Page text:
Chemical Methods for Peptide and Protein Production
AbstractSince the invention of solid phase synthetic methods by Merrifield in 1963, the number of research groups focusing on peptide synthesis has grown exponentially. However, the original step-by-step synthesis had limitations: the purity of the final product decreased with the number of coupling steps. After the development of Boc and Fmoc protecting groups, novel amino acid protecting groups and new techniques were introduced to provide high quality and quantity peptide products. Fragment condensation was a popular method for peptide production in the 1980s, but unfortunately the rate of racemization and reaction difficulties proved less than ideal. Kent and co-workers revolutionized peptide coupling by introducing the chemoselective reaction of unprotected peptides, called native chemical ligation. Subsequently, research has focused on the development of novel ligating techniques including the famous click reaction, ligation of peptide hydrazides, and the recently reported a-ketoacid-hydroxylamine ligations with 5-oxaproline. Several companies have been formed all over the world to prepare high quality Good Manufacturing Practice peptide products on a multi-kilogram scale. This review describes the advances in peptide chemistry including the variety of synthetic peptide methods currently available and the broad application of peptides in medicinal chemistry. View Full-Text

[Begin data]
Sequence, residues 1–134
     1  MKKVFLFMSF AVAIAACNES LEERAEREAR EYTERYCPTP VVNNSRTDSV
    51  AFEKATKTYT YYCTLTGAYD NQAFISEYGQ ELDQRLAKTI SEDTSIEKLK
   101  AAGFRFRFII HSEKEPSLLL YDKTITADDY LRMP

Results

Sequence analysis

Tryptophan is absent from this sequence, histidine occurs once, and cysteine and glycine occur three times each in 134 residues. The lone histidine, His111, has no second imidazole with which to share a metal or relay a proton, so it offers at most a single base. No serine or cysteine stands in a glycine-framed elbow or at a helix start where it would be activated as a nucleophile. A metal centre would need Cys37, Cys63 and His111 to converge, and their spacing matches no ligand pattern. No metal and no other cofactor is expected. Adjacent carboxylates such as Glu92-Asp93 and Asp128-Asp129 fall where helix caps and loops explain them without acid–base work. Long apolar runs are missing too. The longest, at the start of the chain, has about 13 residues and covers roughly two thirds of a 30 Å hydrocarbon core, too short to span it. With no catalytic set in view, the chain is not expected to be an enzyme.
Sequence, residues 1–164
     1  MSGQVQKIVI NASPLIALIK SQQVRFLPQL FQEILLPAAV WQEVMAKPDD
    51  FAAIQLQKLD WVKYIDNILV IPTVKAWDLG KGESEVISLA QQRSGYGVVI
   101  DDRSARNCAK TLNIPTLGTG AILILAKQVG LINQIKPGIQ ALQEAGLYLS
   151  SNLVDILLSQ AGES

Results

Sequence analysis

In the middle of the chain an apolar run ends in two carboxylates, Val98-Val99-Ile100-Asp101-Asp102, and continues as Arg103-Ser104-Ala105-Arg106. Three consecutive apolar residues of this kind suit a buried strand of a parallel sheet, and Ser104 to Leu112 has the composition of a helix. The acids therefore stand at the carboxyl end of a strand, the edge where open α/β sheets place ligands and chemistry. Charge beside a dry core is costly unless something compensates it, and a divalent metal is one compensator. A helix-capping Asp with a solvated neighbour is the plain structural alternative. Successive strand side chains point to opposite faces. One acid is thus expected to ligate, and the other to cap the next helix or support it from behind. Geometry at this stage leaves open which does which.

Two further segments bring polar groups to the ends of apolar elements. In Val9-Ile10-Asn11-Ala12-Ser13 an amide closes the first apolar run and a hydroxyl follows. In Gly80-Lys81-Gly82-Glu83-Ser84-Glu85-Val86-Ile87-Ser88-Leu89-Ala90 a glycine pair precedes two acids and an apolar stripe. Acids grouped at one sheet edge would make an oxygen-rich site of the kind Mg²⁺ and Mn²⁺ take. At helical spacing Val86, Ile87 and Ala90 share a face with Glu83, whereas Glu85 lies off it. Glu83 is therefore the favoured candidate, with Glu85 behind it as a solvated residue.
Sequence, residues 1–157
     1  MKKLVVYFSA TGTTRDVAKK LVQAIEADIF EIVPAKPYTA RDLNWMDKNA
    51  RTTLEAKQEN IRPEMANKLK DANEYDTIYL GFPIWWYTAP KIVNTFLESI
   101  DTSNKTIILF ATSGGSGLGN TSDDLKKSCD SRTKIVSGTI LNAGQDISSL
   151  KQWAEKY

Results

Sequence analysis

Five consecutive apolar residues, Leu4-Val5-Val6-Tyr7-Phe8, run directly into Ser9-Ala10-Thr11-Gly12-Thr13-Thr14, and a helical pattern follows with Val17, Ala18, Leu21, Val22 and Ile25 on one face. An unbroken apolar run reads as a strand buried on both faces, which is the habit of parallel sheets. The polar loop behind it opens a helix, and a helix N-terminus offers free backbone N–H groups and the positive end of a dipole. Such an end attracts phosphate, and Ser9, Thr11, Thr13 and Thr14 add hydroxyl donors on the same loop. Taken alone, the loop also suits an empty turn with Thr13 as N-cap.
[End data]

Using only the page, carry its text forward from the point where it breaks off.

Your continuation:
Scifeed alert for new publicationsNever miss any articles matching your research from any publisher
- Get alerts for new papers matching your research
- Find out the new papers from selected authors
- Updated daily for 49'000+ journals and 6000+ publishers
- Define your Scifeed now
Chandrudu, S.; Simerska, P.; Toth, I. Chemical Methods for Peptide and Protein Production. Molecules 2013, 18, 4373-4388.
Chandrudu S, Simerska P, Toth I. Chemical Methods for Peptide and Protein Production. Molecules. 2013; 18(4):4373-4388.Chicago/Turabian Style
Chandrudu, Saranya; Simerska, Pavla; Toth, Istvan. 2013. "Chemical Methods for Peptide and Protein Production." Molecules 18, no. 4: 4373-4388.